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‘Indie Women’: Most Powerful, Unheard-of Demo

February 27, 2013 – Marketers spend a lot to reach women, but are they ignoring one of the fastest-growing demographics versus both men and women? The population of so-called “Indie Women”—27 or older, not married, not living with a partner and without kids in tow—constitutes a third of all women, and wields a disproportionate purse power, and it’s growing fast.

NBCUniversal’s Integrated Media group is promulgating statistics, trends, and expert opinions about this sub-group in a 10-minute video, “Indie Women,” part of a bi-annual series under the group’s Curve Films banner. The Integrated Media group has been showing the film at conferences, other marketing and media events, and at pop-up “Curve Salons” in major markets, including in Detroit this week.

Some of the group’s findings, detailed in the film: there are some 31 million “Indie Women” constituting about a third of all adult women; they tend to have more disposable income than other women, spending $1 trillion each year—$22 billion on vehicles (five times more than independent men), $20 billion on entertainment, and $50 billion on food; they over-index for television by 12%, watching 15% to 64% more late night programs (on NBCUniversal, at least) than average women; and they are multi-screen users.

They are also more socially engaged online both as info seekers and as advocates, being 6% more likely to pay attention to online consumer ratings and reviews, and 12% more likely to say their friends ask them for health and nutrition advice. And they are 10% more likely to say they are pretty much first among friends to shop at a new store.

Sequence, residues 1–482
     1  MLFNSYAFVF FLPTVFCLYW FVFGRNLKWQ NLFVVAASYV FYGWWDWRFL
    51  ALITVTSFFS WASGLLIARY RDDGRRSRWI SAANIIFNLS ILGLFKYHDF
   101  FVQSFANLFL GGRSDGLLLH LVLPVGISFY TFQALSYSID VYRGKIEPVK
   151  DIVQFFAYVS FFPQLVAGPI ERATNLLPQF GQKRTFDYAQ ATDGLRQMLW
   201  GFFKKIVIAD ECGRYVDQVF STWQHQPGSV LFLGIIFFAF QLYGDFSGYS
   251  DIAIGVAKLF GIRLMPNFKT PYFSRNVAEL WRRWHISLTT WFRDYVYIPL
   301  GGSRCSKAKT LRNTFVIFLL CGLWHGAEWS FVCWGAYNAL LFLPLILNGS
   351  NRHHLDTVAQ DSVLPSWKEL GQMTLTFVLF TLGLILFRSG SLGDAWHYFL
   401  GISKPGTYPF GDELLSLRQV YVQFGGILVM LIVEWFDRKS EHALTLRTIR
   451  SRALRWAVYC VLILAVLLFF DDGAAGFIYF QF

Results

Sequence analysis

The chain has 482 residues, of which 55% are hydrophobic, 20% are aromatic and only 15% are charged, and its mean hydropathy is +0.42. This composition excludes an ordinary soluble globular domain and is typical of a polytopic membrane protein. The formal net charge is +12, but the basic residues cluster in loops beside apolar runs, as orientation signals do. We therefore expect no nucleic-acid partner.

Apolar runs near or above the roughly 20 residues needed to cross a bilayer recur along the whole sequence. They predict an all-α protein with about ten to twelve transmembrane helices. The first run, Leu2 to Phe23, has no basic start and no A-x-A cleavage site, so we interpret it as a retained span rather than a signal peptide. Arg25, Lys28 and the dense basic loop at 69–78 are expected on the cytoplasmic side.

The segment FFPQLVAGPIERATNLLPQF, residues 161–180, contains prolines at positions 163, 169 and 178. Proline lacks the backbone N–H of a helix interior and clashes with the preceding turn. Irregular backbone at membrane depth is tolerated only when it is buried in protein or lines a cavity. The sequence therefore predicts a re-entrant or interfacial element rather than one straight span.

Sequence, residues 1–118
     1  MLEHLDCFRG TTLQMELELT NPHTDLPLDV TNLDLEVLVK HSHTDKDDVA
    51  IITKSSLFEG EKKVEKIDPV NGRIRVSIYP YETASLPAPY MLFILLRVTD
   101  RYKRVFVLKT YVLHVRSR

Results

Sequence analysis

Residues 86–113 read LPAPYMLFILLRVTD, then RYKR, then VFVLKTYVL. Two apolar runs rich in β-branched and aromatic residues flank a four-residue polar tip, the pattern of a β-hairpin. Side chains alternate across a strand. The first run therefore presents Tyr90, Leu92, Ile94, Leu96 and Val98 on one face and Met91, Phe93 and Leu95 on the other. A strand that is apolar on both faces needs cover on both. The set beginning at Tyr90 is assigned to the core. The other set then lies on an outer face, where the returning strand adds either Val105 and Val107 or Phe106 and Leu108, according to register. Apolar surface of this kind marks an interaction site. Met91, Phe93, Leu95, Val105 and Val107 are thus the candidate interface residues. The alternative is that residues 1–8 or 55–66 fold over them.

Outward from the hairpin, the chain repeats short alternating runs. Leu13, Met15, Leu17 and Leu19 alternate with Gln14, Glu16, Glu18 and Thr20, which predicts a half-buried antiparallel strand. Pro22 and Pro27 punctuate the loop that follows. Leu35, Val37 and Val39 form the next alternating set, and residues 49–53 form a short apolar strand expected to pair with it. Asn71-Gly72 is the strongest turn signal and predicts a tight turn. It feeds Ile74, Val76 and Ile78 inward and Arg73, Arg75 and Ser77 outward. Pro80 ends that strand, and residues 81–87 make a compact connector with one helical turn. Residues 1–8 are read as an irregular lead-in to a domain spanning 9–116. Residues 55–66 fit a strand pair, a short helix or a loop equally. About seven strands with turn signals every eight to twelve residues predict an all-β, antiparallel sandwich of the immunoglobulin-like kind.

And they are successful, being the first generation of women to reverse the ceiling in school and at work. They are 57% of undergrads, 59% of masters degree holders, and 52% of managerial positions.

Catherine Balsam-Schwaber, SVP, NBCUniversal Integrated Media, tells Marketing Daily that the group chose to study this demographic because the population is large, the people representing it are big, discretionary spenders; and the group is underrepresented, generally, in demographic analyses. “We felt that Indie Women are less profiled than other women, yet there are more of her than there are married moms, so it’s a bit of an undiscovered marketing opportunity in general,” she says. “And it’s the fastest-growing demographic.” She points out that the population of this U.S. demographic segment will reach 50 million by 2035.

The Indie Women film, which premiered at NBCU’s “Power of the Purse” conference for the marketing and ad community in Los Angeles, includes interviews with representatives of the demographic, and with people like SuChin Pak at DailyCandy, Toby Barlow of JWT, Claudia Cahill at OMD, and NYU sociologist Eric Klinenberg. A couple of major brands get the spotlight too, for having done a good job of reaching out to the demographic—Ford Motor and jeweler De Beers.

The film suggests that Indie Women are more likely to dine, entertain, buy apparel, and do more decorating at home than other women. And they are more apt to use online programs like AirBnB “in ways that let them fill in gaps to locating services and building community,” Balsam-Schwaber says.

To read full article on MediaPost, click here.

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